From avian vomitologist, gross stunt testers and snake venom collectors, strange jobs which involve wild animals not only risk them but also humans

From avian vomitologists, langur kidnappers and gross stunt testers, there is more than one strange job in the world which involves wild animals.

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Every morning when I get to my office in Shastri Bhavan, I hear a man shout. He shouts pretty much the whole day. His job is to scare away monkeys. The monkeys run when they see him, but they return the minute the man goes away and sit on the ledges of the upper stories of the building — outside my window, where I feed them.

Illegal langur kidnappers go from building to building and tie the langurs up on the gate to keep rhesus monkeys at bay. Some even have the job of dressing up as monkeys to scare others away.

Snake milkers, those who extract venom from snakes and other reptiles for medical purposes (snake venom is useful in treating minor heart attacks and preventing blood clots, and for anti-venom serums). Venom is in great demand every year, and milking a snake for its venom is not an easy task — the milker spends all day catching and squeezing a snake’s mouth open so that he can push the fangs into a plastic container to milk them. Being bitten is not unusual.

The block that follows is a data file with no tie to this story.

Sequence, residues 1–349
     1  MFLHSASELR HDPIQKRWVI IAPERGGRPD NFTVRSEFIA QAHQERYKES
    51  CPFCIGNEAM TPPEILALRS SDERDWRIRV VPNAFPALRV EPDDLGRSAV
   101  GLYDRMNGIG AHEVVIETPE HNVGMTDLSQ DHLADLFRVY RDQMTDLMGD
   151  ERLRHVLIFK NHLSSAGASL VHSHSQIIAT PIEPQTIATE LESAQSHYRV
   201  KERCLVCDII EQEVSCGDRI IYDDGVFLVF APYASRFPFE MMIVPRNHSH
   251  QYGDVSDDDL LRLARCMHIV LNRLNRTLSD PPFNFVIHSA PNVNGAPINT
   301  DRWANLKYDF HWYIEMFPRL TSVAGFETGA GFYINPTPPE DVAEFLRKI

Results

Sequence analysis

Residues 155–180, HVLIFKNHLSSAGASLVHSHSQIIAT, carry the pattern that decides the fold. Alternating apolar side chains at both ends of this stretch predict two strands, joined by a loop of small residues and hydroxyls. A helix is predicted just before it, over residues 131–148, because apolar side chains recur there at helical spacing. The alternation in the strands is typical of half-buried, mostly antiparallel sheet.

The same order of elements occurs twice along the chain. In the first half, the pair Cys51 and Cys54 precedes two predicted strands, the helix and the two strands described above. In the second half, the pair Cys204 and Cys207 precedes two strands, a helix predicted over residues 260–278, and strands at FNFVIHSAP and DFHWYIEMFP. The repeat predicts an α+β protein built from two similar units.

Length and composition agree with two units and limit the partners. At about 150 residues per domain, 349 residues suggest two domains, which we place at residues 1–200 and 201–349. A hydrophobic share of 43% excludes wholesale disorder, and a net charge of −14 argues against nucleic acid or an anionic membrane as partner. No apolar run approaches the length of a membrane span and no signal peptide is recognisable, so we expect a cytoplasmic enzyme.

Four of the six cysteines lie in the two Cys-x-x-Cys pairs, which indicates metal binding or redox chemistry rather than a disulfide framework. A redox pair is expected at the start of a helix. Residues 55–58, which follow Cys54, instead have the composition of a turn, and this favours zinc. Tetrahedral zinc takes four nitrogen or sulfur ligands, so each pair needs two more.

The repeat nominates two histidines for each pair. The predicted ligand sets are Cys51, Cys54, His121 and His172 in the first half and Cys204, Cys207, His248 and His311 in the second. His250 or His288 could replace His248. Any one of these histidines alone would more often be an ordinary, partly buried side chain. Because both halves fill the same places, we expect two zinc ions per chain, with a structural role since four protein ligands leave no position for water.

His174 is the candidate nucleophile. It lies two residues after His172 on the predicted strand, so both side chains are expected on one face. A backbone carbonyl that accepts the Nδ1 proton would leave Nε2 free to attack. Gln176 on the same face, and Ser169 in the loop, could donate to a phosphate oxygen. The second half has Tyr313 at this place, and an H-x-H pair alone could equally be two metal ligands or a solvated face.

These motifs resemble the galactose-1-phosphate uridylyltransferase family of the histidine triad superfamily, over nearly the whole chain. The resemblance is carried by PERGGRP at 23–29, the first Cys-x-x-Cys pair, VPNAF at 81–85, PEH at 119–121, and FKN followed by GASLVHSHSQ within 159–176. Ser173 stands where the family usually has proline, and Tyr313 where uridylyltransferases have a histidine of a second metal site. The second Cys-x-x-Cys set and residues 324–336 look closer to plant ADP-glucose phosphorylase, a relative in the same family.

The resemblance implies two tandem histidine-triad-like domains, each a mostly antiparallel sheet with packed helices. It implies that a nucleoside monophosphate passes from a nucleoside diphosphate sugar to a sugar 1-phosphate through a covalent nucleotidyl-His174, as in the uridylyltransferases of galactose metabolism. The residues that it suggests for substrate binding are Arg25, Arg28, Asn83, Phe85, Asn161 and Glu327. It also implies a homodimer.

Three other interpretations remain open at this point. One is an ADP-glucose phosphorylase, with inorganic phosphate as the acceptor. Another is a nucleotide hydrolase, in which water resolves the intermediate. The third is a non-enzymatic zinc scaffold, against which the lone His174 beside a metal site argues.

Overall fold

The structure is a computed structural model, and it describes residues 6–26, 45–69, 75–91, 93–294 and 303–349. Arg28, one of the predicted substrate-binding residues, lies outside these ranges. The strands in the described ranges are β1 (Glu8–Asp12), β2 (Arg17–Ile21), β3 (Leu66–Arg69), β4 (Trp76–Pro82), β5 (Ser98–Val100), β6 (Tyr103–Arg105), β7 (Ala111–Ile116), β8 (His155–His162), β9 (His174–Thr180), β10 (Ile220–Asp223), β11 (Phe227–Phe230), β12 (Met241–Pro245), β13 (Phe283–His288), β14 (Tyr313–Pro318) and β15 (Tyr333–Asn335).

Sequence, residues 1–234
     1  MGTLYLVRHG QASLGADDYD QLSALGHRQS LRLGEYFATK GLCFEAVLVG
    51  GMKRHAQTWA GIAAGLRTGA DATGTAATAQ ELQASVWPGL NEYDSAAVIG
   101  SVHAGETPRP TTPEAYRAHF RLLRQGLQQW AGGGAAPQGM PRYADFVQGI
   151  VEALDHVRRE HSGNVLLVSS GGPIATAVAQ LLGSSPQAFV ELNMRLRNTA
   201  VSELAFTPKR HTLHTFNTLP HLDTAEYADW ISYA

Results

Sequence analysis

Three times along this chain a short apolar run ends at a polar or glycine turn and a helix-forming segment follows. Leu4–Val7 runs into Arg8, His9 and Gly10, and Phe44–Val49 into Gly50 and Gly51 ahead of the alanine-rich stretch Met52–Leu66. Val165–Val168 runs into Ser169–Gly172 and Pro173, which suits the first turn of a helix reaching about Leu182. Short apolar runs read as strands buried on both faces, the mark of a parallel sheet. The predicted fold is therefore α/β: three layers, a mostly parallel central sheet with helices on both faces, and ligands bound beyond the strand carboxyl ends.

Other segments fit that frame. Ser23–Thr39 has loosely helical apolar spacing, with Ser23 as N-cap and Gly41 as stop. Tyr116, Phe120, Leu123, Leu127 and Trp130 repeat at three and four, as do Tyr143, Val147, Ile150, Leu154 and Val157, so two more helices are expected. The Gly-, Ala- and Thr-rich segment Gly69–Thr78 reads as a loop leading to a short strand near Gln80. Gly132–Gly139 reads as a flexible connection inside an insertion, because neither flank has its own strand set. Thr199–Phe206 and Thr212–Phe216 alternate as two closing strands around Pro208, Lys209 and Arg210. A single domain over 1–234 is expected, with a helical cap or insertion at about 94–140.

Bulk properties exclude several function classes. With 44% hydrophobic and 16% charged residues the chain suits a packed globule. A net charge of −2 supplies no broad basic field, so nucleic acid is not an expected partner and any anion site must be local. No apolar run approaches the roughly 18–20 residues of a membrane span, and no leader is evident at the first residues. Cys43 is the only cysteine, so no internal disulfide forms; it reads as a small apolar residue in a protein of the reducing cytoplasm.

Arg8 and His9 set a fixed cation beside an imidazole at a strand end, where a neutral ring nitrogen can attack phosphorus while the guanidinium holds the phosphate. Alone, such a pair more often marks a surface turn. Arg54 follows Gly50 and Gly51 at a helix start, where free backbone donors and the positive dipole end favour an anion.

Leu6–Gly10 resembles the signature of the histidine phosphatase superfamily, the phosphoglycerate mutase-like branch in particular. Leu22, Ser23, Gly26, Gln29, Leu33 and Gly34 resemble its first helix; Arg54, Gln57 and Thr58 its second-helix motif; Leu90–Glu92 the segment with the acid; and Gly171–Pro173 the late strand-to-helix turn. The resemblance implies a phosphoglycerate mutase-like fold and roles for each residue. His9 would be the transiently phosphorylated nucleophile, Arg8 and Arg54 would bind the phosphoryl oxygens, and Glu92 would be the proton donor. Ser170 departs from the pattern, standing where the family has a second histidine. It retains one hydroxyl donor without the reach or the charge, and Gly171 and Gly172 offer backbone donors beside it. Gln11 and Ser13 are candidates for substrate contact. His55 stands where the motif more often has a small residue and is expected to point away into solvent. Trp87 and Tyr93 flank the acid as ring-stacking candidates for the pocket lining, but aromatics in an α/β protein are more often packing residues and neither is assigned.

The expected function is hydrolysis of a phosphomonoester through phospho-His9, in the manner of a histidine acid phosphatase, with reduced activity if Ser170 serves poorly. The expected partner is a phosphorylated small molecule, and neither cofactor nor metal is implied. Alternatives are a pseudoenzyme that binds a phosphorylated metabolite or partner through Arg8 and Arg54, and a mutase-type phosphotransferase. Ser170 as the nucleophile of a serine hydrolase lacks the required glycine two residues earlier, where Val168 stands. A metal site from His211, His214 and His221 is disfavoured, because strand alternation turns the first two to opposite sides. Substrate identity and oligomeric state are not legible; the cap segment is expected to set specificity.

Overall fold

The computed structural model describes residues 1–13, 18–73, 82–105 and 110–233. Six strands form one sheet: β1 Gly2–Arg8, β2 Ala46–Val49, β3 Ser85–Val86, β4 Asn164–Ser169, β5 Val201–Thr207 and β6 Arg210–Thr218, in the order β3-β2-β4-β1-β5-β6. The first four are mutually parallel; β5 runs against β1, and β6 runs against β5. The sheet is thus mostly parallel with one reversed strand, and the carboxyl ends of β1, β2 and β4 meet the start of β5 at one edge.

In India, the Irulas in Tamil Nadu, who were snake hunters for snakeskin, were taught by Romulus Whittaker and Harry Miller to collect venom and sell it to the snake institutes. In 1978, an Irula Snake-catchers Co-op, owned and operated by the Irula tribals, was formed with Romulus as the technical advisor and permissions were given to catch snakes and bring them to the Snake Park in Guindy (in Chennai) where they were milked.

 From avian vomitologist, gross stunt testers and snake venom collectors, strange jobs which involve wild animals not only risk them but also humans

Representative image. Reuters

Mosquito researchers in Brazil, while fighting malaria, must study the biting habits of the mosquito that spread this deadly disease. In order to study these insects, Brazilian scientists offer themselves as bait. In the early evening, when mosquito activity is the most, a mosquito researcher sets himself up inside a mosquito-netting tent with a gap at the bottom. Mosquitoes fly in and get trapped inside, where the researcher sits. As they bite the legs, he or she draws them into a mouth tube and then into a container, catching up to 500 in at least three hours (which means at least 3,000 bites). Despite precautions, many researchers get malaria.

An avian vomitologist is employed by entomology laboratories to collect vomit samples from sick birds, to analyse the avian flu pattern. This means moving through fields and forests in search of vomit.

In 2014, the Giant Panda Protection and Research Center, in China's Sichuan, announced its worldwide search for panda cub caretakers. Contenders faced several elimination rounds before getting the job. The ad stated, "Your work has only one mission: spending 365 days with the pandas and sharing in their joys and sorrows."